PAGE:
Elevation of blood urea nitrogen is predictive of long-term mortality in critically ill patients independent of normal creatinine

Kevin Beier, Sabitha Eppanapally, Heidi S. Bazick, Domingo Chang, Karthik Mahadevappa, Fiona K. Gibbons, Kenneth B. Christopher

Research output: Contribution to journalArticle

Abstract

Objective: We hypothesized that elevated blood urea nitrogen can be associated with all-cause mortality independent of creatinine in a heterogeneous critically ill population. Design: Multicenter observational study of patients treated in medical and surgical intensive care units. Setting: Twenty intensive care units in two teaching hospitals in Boston, MA. Patients: A total of 26,288 patients, age 18 yrs, hospitalized between 1997 and 2007 with creatinine of 0.80-1.30 mg/dL. Interventions: None. Measurements: Blood urea nitrogen at intensive care unit admission was categorized as 10-20, 20-40, and >40 mg/dL. Logistic regression examined death at days 30, 90, and 365 after intensive care unit admission as well as in-hospital mortality. Adjusted odds ratios were estimated by multivariable logistic regression models. Main Results: Blood urea nitrogen at intensive care unit admission was predictive for short- and long-term mortality independent of creatinine. Thirty days following intensive care unit admission, patients with blood urea nitrogen of >40 mg/dL had an odds ratio for mortality of 5.12 (95% confidence interval, 4.30-6.09; p <.0001) relative to patients with blood urea nitrogen of 10-20 mg/dL. Blood urea nitrogen remained a significant predictor of mortality at 30 days after intensive care unit admission following multivariable adjustment for confounders; patients with blood urea nitrogen of >40 mg/dL had an odds ratio for mortality of 2.78 (95% confidence interval, 2.27-3.39; p <.0001) relative to patients with blood urea nitrogen of 10-20 mg/dL. Thirty days following intensive care unit admission, patients with blood urea nitrogen of 20-40 mg/dL had an odds ratio of 2.15 (95% confidence interval, 1.98-2.33;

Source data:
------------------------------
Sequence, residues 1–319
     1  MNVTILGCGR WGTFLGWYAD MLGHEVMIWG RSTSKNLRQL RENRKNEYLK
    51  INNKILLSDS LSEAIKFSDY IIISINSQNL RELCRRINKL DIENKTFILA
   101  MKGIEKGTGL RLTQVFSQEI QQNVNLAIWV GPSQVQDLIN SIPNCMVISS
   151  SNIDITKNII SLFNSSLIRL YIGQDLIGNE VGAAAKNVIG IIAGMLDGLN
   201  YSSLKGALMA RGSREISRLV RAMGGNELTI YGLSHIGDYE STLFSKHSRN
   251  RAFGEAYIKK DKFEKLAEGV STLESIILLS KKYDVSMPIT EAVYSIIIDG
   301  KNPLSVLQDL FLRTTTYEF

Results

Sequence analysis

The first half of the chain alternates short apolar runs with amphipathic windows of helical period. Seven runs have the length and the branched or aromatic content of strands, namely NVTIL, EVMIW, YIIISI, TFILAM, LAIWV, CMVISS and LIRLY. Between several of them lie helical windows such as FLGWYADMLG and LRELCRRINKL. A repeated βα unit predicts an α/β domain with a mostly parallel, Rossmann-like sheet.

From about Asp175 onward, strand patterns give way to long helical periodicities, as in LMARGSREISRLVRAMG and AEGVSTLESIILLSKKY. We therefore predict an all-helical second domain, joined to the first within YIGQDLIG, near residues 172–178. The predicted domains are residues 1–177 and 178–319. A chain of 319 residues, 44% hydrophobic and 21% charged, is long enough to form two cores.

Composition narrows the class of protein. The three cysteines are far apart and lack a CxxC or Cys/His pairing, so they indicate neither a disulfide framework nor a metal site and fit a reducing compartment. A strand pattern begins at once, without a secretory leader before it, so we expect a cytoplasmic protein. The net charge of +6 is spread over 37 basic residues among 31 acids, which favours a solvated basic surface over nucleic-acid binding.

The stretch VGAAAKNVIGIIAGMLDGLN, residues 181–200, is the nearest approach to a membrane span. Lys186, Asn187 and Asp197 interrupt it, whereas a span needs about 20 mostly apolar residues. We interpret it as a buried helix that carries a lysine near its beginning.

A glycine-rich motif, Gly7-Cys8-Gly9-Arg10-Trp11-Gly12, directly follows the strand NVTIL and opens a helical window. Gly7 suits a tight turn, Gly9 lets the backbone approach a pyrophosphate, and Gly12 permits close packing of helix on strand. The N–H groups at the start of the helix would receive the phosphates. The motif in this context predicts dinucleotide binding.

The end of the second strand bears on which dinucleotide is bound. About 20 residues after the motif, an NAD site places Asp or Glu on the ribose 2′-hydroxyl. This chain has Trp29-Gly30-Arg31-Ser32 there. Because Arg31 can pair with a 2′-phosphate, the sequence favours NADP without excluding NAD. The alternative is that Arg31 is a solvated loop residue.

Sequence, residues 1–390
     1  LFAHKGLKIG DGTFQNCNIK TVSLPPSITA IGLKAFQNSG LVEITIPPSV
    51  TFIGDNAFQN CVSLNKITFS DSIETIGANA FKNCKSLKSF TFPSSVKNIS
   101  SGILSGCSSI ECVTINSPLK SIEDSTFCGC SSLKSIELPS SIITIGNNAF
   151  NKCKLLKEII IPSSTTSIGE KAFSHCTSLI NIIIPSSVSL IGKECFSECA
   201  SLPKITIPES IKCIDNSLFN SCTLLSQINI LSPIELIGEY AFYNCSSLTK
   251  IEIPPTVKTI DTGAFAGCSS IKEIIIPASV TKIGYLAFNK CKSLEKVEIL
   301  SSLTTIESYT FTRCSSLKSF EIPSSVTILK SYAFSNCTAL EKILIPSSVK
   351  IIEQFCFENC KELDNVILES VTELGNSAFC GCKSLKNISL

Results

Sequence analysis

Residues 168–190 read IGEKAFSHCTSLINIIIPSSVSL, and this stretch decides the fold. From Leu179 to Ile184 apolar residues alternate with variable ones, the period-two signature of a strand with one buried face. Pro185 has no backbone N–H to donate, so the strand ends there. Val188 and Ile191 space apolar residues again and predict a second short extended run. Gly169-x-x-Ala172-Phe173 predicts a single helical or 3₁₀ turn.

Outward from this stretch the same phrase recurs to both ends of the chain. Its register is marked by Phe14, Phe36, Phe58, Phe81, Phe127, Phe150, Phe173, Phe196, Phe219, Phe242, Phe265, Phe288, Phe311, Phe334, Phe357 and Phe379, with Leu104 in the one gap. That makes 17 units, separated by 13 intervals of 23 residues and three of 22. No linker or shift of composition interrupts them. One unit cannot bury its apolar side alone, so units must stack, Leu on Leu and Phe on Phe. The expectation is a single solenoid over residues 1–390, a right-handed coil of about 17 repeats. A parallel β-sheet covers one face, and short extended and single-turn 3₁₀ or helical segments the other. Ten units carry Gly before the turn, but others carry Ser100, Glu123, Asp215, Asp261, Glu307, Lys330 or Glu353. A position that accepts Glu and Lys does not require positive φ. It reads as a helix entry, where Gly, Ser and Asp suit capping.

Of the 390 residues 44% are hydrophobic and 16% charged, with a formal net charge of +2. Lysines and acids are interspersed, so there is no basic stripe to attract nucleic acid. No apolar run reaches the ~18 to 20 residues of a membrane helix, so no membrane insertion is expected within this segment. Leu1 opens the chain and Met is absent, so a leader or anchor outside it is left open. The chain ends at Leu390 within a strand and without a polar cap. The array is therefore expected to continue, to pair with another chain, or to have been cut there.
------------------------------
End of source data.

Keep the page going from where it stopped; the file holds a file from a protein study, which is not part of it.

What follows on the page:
Original languageEnglish (US)
Pages (from-to)305-313
Number of pages9
JournalCritical Care Medicine
Volume39
Issue number2
DOIs
StatePublished - Feb 2011
Externally publishedYes

Fingerprint

Blood Urea Nitrogen
Critical Illness
Intensive Care Units
Creatinine
Mortality
Odds Ratio
Logistic Models
Patient Admission
Confidence Intervals
Critical Care
Hospital Mortality
Teaching Hospitals
Multicenter Studies
Observational Studies
Population

Keywords

  • blood urea nitrogen
  • creatinine
  • gastrointestinal bleed
  • intensive care
  • mortality

ASJC Scopus subject areas

  • Critical Care and Intensive Care Medicine

Cite this

Beier, K., Eppanapally, S., Bazick, H. S., Chang, D., Mahadevappa, K., Gibbons, F. K., & Christopher, K. B. (2011). Elevation of blood urea nitrogen is predictive of long-term mortality in critically ill patients independent of normal creatinine. Critical Care Medicine, 39(2), 305-313. https://doi.org/10.1097/CCM.0b013e3181ffe22a

Elevation of blood urea nitrogen is predictive of long-term mortality in critically ill patients independent of normal creatinine. / Beier, Kevin; Eppanapally, Sabitha; Bazick, Heidi S.; Chang, Domingo; Mahadevappa, Karthik; Gibbons, Fiona K.; Christopher, Kenneth B.

In: Critical Care Medicine, Vol. 39, No. 2, 02.2011, p. 305-313.

Research output: Contribution to journalArticle

Beier, K, Eppanapally, S, Bazick, HS, Chang, D, Mahadevappa, K, Gibbons, FK & Christopher, KB 2011, 'Elevation of blood urea nitrogen is predictive of long-term mortality in critically ill patients independent of normal creatinine', Critical Care Medicine, vol. 39, no. 2, pp. 305-313. https://doi.org/10.1097/CCM.0b013e3181ffe22a
Beier, Kevin ; Eppanapally, Sabitha ; Bazick, Heidi S. ; Chang, Domingo ; Mahadevappa, Karthik ; Gibbons, Fiona K. ; Christopher, Kenneth B. / Elevation of blood urea nitrogen is predictive of long-term mortality in critically ill patients independent of normal creatinine. In: Critical Care Medicine. 2011 ; Vol. 39, No. 2. pp. 305-313.
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KW - mortality

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